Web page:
Brilliant idea! Now suppose we backdate all the revenues owed, as we must, and charge reasonable interest on unpaid dues, as we must, then I think God stands to haul in a few billions for the Bible. Fortunately for me, I just registered an account in His name and have legit fully notarized Authority from Him to act as His financial agent. Of course We shall be taking action to recover moneys hijacked from Us by way of music, novels, works of art, films etc over the past couple of millennia.
And of course, royalties for that most original of creations: us.
And we owe Him for each and every copy we've attempted to make.
That's a lot of back-payments...
Not me, though. See icon...
who said greed has limits? 50 is not enough, 95 years of copyright? are you unwell?
if you're unable to come up with anything else of value in 50 years, you don't need the extension, you need an original thought in your head.
these corporatists, they're crazy, and getting madder by the day.
I wish I could get paid for the same thing for 50 years afterwards, never mind 95. How exactly does this create a productive hard-working economy?
I'd say they should be brought DOWN to say, 20 years. Composers etc as well. Surely they're rich enough by then? Or is it that (shock horror) they might actually have to do another day's work?
Copyrights and patents are based on the idea that individuals must be rewarded for innovation because otherwise they would slack off instead of benefitting society.
First of all, this just doesn't hold nowadays since employees routinely sign over rights to all inventions in exchange for a health plan and the illusion of security. It's all too common for real innovation to be stifled by their organizations, yet the patents end up belonging to the companies anyway. The rise of the great research organizations in the forties pretty largely eclipsed the lone geniuses like Tesla, Steinmetz and Edison, though even in the day of the lone inventor, Tesla had to cut a deal with Westinghouse and Steinmetz with General Electric. Only the rare creator with business smarts kept control, like Henry Ford.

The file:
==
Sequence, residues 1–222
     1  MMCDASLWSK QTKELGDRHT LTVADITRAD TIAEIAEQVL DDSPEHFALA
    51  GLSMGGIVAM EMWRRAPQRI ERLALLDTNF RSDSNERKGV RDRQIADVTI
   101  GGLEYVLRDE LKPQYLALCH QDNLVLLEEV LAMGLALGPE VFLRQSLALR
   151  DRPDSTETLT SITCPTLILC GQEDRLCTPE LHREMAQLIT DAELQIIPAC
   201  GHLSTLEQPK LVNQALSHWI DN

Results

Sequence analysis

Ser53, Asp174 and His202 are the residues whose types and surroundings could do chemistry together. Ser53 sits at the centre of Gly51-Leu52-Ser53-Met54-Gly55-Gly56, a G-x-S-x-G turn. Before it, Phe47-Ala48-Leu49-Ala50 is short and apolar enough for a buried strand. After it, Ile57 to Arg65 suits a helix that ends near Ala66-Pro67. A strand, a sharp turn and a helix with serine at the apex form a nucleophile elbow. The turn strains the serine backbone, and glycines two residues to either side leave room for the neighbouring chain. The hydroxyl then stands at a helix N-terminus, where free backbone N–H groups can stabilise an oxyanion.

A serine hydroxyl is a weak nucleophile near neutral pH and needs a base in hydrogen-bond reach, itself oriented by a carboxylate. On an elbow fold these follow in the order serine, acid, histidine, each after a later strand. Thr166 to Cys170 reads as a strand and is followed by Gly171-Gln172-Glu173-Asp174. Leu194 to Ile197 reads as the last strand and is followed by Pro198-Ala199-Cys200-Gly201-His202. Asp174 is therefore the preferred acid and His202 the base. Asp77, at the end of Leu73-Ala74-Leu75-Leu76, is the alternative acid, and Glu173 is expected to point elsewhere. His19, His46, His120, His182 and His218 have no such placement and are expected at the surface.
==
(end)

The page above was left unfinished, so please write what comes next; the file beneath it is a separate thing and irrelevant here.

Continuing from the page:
Secondly, real artists produce great art because it is almost as necessary for them as drawing breath. This also goes for great programmers and scientists.
For example: Richard Feynman said that he was able to buy a nice beach house with the check from the Nobel endowment, but it can't have influenced his love for physics one way or the other. Einstein and the other Nobels? Almost certainly the same.
As for Sir Paul, he probably would have flooded the world with "silly love songs" even if it only provided him and his family with a roof over their heads and enough food to keep body and soul together.
Although I'm not a great programmer (just a journeyman), I dread the day my employers find out I would still do this for less even if I could drive a truck for more.
Bottom line: Innovation comes from innovators, not committees and organizations. Oppenheimer's reward for giving us the fission bomb was being excluded from the fusion project. How much money did Englebart make off the mouse+GUI, or Nelson from hypertext? Ultimately, the innovators usually get left out in the cold because they are better creators than team players. The argument that patents are necessary to foster innovation is just a pious falsehood nurtured by corporate patent trolls.
Want to see innovation? Reduce patents to ten years or less. I want my flying car and jet pack before I'm too old to enjoy them.
And then let us share freely. Fair exchange.
TFA suggests the levies compensate "media shifting". In my Nordic country it's meant to compensate private copying of another sort, it's legal to copy borrowed/rented movies and music. The idea that media shifting is a lost sale and should be compensated is a new one and a rotten one for that matter.
I like to go for walks in the country and in the past, I often took a portable CD player and two or three CDs - which I bought LEGALLY. Now that technology has moved on, instead of carrying a CD player and CDs, I now copy several LEGALLY obtained CDs to a tiny MP3 player and take that with me.
So why should I pay a levy for listening to material, which I already own and for which I have already paid, even though it has been transferred to a different format. What's the difference??
Thick coat please - it's cold out there..................
Media levies certainly raise some interesting legal angles on P2P.
If a levy has already been paid for the use of blank media for music-copying purposes, then the media companies might find it very hard to argue in a Court of Law that downloading music to said media is illegal. After all, if as a supplier you charge for a service, then under Sale of Goods regulations you have by doing so made a contract to provide that service. The question of whether or not the payment is sufficient to cover the whole cost of the service doesn't come into it. You have made a mandatory charge for it, ergo you must by Law provide the service if the consumer demands it.
In principle, the media companies could torpedo their own efforts to control file-sharing if they push for levies.
Unauthorized distribution is what makes p2p illegal in countries like mine. Downloading or copying for personal use is OK.